For younger kittens that are infected, often the most significant factor in their throwing off infection is maturation and gaining a more effective immune system with growth.

You may want to talk with your vet about that. Some sources say to defiantly use antibiotics, however these will not get rid of the URI itself, so just talk this over with your vet. From my understanding, antibiotics cannot get rid of the URI, but help to prevent secondary illnesses that can result from URI's like pneumonia.

Also, here are some natural remedies you may want to try or assist with other medical treatment for symptomatic relief;

As with a child's cold, you simply provide as much relief from symptoms as you can while allowing the virus to run its course. We put cats with URI on an antibiotic to prevent secondary infections like pneumonia from developing -- but antibiotics do not affect the virus itself. See your vet to get a supply. Keep the cat strictly indoors, of course, in a warm quiet room without drafts. Feed canned food--the "smellier" the better--in order to stimulate appetite. It is important to make sure adult cats eat at least a little bit every day. Wipe the eyes and nose as needed. Some cats, especially the short nosed ones, get so congested that they are really miserable, unable to breath, eat or drink or sleep comfortably. You can use a humidifier to make the cat more comfortable. You can also use Pediatric Neo Synephrine (not adult), 1 drop per nostril, morning and evening (for no more than 2 -3 days) to relieve the congestion. Never give a cat any "home remedies" without consulting your veterinarian.

Because URI is such a common shelter problem and other vets seldom encounter it, we are very familiar with techniques for nursing a cat through the disease. Please feel free to ask for our advice. You can call directly at 787-2500 ext. 804. Leave a message and we'll return your call as soon as possible. Be sure to take your cat to your vet and try not to worry. Remember how miserable a bad cold feels (and appears). With your care and attention, your new cat will undoubtedly be her normal self in a week or two.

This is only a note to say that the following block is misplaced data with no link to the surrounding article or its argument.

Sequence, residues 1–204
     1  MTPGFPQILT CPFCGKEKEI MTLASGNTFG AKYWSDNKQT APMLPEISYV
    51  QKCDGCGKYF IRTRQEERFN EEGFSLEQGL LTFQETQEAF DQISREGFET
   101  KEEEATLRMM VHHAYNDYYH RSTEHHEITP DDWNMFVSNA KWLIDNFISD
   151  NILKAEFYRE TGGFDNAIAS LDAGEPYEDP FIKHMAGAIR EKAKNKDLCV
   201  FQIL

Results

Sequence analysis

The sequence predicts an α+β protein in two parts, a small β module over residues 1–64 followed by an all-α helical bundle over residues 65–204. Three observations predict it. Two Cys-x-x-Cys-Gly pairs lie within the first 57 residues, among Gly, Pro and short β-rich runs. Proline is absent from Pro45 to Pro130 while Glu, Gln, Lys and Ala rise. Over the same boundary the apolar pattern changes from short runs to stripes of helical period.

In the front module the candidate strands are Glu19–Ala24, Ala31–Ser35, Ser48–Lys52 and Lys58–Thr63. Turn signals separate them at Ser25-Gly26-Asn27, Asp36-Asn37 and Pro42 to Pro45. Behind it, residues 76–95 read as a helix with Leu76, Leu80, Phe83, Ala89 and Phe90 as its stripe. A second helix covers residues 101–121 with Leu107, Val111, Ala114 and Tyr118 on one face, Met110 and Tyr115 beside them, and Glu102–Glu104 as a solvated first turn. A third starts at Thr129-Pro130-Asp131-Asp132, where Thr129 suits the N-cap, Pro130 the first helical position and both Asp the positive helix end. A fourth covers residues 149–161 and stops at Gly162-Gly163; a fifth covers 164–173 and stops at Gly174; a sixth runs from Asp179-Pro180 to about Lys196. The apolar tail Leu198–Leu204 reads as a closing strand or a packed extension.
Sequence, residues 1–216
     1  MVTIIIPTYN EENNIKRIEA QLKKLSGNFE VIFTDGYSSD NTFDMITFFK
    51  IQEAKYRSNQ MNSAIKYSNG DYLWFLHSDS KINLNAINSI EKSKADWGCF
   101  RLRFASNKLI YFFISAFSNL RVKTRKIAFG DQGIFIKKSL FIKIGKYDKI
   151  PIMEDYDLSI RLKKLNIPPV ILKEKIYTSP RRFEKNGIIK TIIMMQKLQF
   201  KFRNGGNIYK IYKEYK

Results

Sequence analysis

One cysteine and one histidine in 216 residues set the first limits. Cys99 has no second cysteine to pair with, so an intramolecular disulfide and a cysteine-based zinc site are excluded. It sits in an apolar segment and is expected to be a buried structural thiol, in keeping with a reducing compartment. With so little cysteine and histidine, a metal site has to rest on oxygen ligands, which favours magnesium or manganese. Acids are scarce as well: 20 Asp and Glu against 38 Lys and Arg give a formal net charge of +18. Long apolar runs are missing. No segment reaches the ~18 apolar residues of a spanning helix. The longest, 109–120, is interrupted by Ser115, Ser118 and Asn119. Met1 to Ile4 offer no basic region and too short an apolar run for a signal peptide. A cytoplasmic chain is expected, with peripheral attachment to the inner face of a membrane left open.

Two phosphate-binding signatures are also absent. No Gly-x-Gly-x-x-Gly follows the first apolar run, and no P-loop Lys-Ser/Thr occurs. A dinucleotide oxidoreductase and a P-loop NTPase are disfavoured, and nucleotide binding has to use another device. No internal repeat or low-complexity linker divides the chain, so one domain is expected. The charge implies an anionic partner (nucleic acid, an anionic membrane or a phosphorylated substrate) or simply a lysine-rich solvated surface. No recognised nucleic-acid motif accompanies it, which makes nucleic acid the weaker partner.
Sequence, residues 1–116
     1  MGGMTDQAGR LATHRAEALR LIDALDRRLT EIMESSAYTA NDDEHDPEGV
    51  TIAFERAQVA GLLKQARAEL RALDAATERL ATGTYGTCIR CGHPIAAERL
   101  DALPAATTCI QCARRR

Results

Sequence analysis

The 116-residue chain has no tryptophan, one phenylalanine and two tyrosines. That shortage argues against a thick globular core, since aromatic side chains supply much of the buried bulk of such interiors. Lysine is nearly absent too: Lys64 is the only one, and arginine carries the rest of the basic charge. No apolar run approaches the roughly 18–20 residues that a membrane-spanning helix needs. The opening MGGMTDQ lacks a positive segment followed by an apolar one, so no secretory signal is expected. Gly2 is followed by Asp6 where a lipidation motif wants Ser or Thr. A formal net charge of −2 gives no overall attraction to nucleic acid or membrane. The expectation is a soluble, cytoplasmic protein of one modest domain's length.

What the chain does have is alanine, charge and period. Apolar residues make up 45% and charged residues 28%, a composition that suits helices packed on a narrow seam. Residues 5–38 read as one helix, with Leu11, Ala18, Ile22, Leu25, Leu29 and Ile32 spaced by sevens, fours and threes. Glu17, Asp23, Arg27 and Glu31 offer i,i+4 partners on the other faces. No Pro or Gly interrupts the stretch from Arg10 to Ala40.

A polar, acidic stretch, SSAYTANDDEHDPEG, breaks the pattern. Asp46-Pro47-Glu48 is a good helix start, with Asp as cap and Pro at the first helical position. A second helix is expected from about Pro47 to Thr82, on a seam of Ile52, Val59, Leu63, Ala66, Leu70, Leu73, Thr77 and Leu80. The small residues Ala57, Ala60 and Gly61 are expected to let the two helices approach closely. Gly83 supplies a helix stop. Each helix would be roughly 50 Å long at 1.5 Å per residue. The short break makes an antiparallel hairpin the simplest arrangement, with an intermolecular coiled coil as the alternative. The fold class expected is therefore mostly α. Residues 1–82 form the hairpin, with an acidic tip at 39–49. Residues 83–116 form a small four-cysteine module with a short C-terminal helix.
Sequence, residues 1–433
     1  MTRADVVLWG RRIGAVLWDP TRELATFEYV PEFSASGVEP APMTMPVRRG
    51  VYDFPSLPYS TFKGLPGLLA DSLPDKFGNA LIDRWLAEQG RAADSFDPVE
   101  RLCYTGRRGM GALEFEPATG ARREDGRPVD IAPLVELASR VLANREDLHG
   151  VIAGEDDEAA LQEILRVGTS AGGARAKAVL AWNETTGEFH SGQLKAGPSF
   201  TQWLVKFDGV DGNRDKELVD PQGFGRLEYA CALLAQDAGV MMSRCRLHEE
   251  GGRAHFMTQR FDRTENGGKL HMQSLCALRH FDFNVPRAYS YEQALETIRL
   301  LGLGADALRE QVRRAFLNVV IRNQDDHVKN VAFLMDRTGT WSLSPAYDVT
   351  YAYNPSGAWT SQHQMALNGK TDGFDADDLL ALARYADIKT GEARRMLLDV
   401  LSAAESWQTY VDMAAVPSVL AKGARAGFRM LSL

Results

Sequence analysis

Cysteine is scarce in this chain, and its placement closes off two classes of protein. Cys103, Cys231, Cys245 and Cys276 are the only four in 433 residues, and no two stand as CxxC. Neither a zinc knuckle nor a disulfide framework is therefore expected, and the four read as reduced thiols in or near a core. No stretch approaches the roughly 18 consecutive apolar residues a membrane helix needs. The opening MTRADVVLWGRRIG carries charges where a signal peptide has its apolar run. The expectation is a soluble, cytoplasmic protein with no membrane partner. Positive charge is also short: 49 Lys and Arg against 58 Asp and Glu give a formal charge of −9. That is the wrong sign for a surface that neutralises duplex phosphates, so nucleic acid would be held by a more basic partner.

Here are my sources if you'd like to visit their websites;

http://www.paws.org/cas/resources/fact_sheets_cats/respiratory.php

http://www.sheltermedicine.com/portal/is_feline_upper_res.shtml
 

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Awww that is sad! I hope shes ok! I cant offer any advice but a good thought for you guys and a prayer for kitty!
 

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Discussion Starter #7
I called the vet and explained her symptoms. He didn't seem alarmed at all, said that it happens with almost all shelter kitties.
He told us to just keep her room comfortably warm, and to keep the humidifier in there with her. He also told us to put a little vasaline or petrolium jelly on her nose to keep it from drying up and cracking. He said if she gets any worse to bring her in monday.
I guess I'm just new to cats and overworried over what he's certain is just a common URI.
She doesn't seem any worse today than she did last night, but doesn't seem any better either. She's still eating... and there was some mucus in the bottom of her water bowl.. like her nose ran into it this morning, but at least she's eating and drinking. He also told me how to force feed her if it comes to that, but to not do it if she is still eating even a little bit.
Poor Ellie.:frown: She seems so miserable.